Google does not usually provide details about the updates before they officially announce it.
But this time, the June 2019 Core Update was pre-announced by Danny Sullivan on Twitter and went live on June 3. It took Google about five days to roll out this core update. As Google said, it is a BIG ONE! Danny Sullivan from Google said the only reason they are talking about it is because it is going to be “definitely noticeable” and thus want to talk about it:
Here’s an update about updates — updates to our search algorithms. As explained before, each day, Google usually releases one or more changes designed to improve our results. Most have little noticeable change but help us continue to incrementally improve search….
— Google SearchLiaison (@searchliaison) October 11, 2018
Google pre-announced a core update for the first time. The announcement of the June 2019 Core Update broke on Twitter, where Google revealed the upcoming date of the roll-out.
Tomorrow, we are releasing a broad core algorithm update, as we do several times per year. It is called the June 2019 Core Update. Our guidance about such updates remains as we’ve covered before. Please see this tweet for more about that:https://t.co/tmfQkhdjPL
— Google SearchLiaison (@searchliaison) June 2, 2019
Danny Sullivan too tweeted that Google wants to be more pro-active with this kind of information to let people know in advance to avoid them only finding out after the update has is rolled out and then getting puzzled.
While the SEO industry was thrilled that Google is now giving more information about updates, it was surprising to see that they pushed out another update, called the Diversity Update, at the same time.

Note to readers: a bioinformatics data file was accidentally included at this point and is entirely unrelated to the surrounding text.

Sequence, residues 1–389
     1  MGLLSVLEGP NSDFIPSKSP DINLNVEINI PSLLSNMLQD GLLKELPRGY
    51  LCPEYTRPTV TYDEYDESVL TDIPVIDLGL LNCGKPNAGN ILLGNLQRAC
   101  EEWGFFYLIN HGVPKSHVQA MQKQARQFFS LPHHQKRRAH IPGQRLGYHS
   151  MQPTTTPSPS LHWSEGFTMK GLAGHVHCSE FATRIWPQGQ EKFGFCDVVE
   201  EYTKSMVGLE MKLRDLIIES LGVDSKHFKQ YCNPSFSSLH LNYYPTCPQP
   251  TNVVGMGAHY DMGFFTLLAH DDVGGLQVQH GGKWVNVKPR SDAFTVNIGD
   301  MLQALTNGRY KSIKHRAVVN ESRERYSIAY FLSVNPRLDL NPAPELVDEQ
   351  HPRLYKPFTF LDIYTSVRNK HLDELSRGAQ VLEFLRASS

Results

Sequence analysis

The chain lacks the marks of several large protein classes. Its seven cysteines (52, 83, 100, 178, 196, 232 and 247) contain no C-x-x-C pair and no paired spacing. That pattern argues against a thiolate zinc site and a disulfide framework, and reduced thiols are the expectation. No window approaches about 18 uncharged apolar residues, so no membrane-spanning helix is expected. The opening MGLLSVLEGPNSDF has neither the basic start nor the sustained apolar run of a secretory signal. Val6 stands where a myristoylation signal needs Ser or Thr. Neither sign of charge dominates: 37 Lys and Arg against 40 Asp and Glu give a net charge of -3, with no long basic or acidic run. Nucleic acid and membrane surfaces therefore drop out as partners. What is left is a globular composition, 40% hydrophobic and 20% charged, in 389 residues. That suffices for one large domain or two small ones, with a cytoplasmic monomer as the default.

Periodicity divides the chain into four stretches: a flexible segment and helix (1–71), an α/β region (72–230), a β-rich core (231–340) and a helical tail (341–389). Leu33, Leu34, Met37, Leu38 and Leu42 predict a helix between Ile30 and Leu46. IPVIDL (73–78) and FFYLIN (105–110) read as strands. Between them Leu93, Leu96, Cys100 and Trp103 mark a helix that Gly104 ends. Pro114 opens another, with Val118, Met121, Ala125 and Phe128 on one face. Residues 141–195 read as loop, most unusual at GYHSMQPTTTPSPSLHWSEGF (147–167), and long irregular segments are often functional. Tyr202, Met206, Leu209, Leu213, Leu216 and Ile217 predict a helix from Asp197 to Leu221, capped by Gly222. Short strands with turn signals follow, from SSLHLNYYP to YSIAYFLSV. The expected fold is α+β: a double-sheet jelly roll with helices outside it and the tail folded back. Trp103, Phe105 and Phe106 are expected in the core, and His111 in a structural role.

But the diversity update did not have a massive effect on traffic for sites.
WHAT HAPPENED WITH THIS CORE UPDATE?
As many have noticed, the update seems to have affected the entire domains and are not focused on a single page!
Recovery VS Drop In Ranking:
The update also reduced traffic to sites with low quality content. Publishers who had low-quality content generated to research quickly and inexpensively faced great troubles in ranking.
Another factor that affected the sites was that the sub-domains could see a drop in traffic while the main domain is stays steady and unaffected.
The core update did not appear to apply any new penalties for linking practices. It was noted that backlinks from .gov sites increased by nearly 2.5x, while backlinks from .edu site decreased slightly.
Excessively long content isn’t necessarily good content even if people are more likely to link to it and share it. After the June 2019 Core Update rolled out, some posts experienced an increase in traffic while others experienced a decrease!
Creating New Content:
Since creating content allows websites to keep their audiences engaged, sites with low quality content are at the risk of losing their traffic.
Chatter About The Crawl Behaviour:
Even though Google has reported this several times that any update in its algorithm does not mean changes in crawl rates, yet there was a fuss in the SEO world about significant changes to the crawl behavior from Google prior to the update.
John Mueller from Google then tweeted that the changes in crawling rates is pretty normal!
Nothing specific is happening – fluctuations in crawling are pretty normal. I’ll double-check, but off-hand there’s nothing lined up in that regard.
MAJOR TAKEAWAYS OF THE CORE UPDATE
John Mueller, in a Webmaster Hangout, discussed the core update with context to its relevance and quality updates.
He said, “With a lot of the relevance updates, a lot of the kind of quality updates, the core updates that we make, there is no specific thing where we’d be able to say you did this and you should have done that and therefore we’re showing things differently.”
In the discussion, he also stated that webmasters continue to focus on the “quality” issues and ignore the relevance of fixing the other factors like missing biographies, too much advertising, etc.
As listed by John, following are the major takeaways of the June 2019 Core Update: